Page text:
Copper layers can be referred to as a printed circuit board (PCB) having copper present on it once etching is completed. This is usually pads and tracks or ground and power layers.
In this article we will be considering the functions of the copper layer in PCB. We’ll also discuss how you can generate the output files for your copper layers and more.
Why is Copper Used in Printed Circuit Boards?
Two terms are very important for use in the PCB design.These include copper thieving and copper balancing. Though, they are usually used interchangeably, we will explain the important distinctions between them:
Copper balancing involves the addition of non-conductive patterns and areas of copper into a printed circuit board. This alleviates the board’s possible bending when manufacturing is on. Furthermore, the PCB layer stackups, which aren’t configured symmetrically, can lead the warping of the board during fabrication.
Also, the uneven copper present in the structure of the board could also twist when the process of assembly as a result of too much heat utilized for soldering.In order to counter this, your design system of the PCB CAD will help in adding the area fills, and pours, to the board’s sparse areas to help copper balance your design.
Copper thieving is adding non-conductive copper patterns to the printed circuit board. However, in cases like this, it is either to thieve or even out some electrical current utilized in the plating of the board. Also, on the board areas where there are lonely or isolated traces, the applied current onto the board to aid plating could be more concentrated or focused on the features.
The scenario could cause the trace to under-etch thereby delivering a kind of “mushroom” profile rather than the clean squared edges expected. The trace’s cross-section can depict serious undercutting, the trace present on the right side is squared off the way you want.
Choosing the Right Material for the PCB Copper?
This is known as the cathode part of the electrolytic material. This material is deposited onto a continuous, thin, metal foil layer on the circuit board’s base. Furthermore, you can bond it easily onto an insulating layer, thereby accepting a protective layer, as well as corroded in order to form your circuit pattern.
Prepreg is culled from the word pre-impregnated. This is known as fiberglass that is impregnated with resin. This resin is pre-dried;however, it isn’t hardened. Therefore, when heated, it sticks, flows, and is fully immersed. Therefore, the prepregs are strengthened with fiberglass through an adhesive layer, which is just like the FR4 material. All the names of the prepregs are obtained from the fiberglass used.
What is the standard Thickness of the Copper Layer in PCB?
One of the mostly used units when measuring thickness of the copper layer in printed circuit boards (PCBs).However, majority of people don’t have an idea about the nature of its thickness. Sure it is not everyone that thinks it in mils and then converts into their preferred measuring unit using a unit conversion tool.
Furthermore, majority of PCBs are usually constructed using a copper thickness of 1 oz.During PCB manufacturing, when the customer doesn’t offer their specific specs, then the manufacturer usually assumes 1 oz whenever they are quoting as well as building the design. Furthermore, if the customer decides that their design needs additional current than the usual 1 oz could carry, then it is advisable to increase the thickness of the copper, as well as your traces’ widths.
Sure, the thicker your copper is, then the more the cost. However, there are some certain time when this becomes necessary. Also, the increase in cost doesn’t have to do with the costs of raw materials only but that the processing of thicker weights of copper consumes more time. Also, it is a bit trickier to perform or handle.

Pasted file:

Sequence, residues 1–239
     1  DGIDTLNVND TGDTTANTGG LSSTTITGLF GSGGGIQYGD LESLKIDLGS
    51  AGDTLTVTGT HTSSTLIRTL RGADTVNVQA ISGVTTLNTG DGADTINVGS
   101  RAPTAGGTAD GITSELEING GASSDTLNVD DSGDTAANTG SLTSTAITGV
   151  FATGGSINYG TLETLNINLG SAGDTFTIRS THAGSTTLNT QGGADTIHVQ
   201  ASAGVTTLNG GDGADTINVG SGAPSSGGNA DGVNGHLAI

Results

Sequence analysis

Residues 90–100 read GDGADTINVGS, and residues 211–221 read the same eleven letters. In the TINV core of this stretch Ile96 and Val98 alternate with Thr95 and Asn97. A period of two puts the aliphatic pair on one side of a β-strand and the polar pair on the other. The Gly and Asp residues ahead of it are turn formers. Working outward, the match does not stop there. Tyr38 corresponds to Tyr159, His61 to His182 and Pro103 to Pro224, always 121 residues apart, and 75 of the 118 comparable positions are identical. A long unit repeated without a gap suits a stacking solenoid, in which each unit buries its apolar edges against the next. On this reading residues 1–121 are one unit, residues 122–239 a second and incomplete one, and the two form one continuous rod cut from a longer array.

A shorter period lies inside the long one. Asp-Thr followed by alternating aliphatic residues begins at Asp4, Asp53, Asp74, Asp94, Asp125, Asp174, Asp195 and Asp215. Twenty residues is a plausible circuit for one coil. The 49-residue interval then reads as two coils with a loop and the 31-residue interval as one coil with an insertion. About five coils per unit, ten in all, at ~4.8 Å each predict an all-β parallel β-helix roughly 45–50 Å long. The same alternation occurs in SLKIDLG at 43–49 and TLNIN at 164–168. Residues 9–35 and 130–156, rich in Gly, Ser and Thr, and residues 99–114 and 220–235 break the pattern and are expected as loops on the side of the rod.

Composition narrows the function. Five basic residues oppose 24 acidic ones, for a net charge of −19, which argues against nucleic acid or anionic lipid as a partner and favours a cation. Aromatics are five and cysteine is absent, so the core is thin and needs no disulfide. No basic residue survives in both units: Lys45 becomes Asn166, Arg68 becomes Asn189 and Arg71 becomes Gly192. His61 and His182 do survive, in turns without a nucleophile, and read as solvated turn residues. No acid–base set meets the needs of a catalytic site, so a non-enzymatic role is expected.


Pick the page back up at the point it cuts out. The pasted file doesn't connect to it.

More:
Processing the Thickness of the Copper Layer in PCB
Etching helps in manufacturing the board’s copper traces. This is the same whether it is for the internal layers or for the surface. Etching is one important step in PCB manufacturing. The layer fabrication starts with the laminate sheet, which is fully covered with copper. Etching has to do with getting rid of the excess copper that is present in traces, as well as other areas, like annular rings for the vias, component pads, making use of ammonia-based solution.
The sheets typically start with the copper thickness. The thickness could be etched down, increased, plated up, or decreased to the right specification. As a result of these sheets’ manufacturing process, the surface features a kind of roughness, which assists with the bonding to a specific dielectric material. Moreover, this could result in an adverse and negative effect on the signal integrity at a higher frequency.
Furthermore, at a frequency of more than 100MHz, this skin effect whereby current flows is usually close to the trace’s internal surface in contrast to the through the center of the conductor. This leads the trace’s effective resistance to rise and then oppose the flow of current.
How to Generate the Output Files for Your Copper Layers
Anytime you generate output data files, make use of “flashes” for the pads. This avoids pads that are “painted/drawn”.
Furthermore, for the larger copper planes or copper areas don’t fill them with using small draws or “painting”. Anywhere possible, make use of polygons or contours in constructing planes or areas. They are the standard features present in the Gerber X2 output and other data formats.
In addition, make sure that you add your board outline whenever you output the copper layer in PCB. This aids in the identification of any rotation, data alignment, as well as mirroring issues.
Achieving this is best making use of a specific small line, whereby the line’s center is the board outline.
We hope we have explained what the copper layer in PCB is all about. We are always here to assist you, if you have any questions.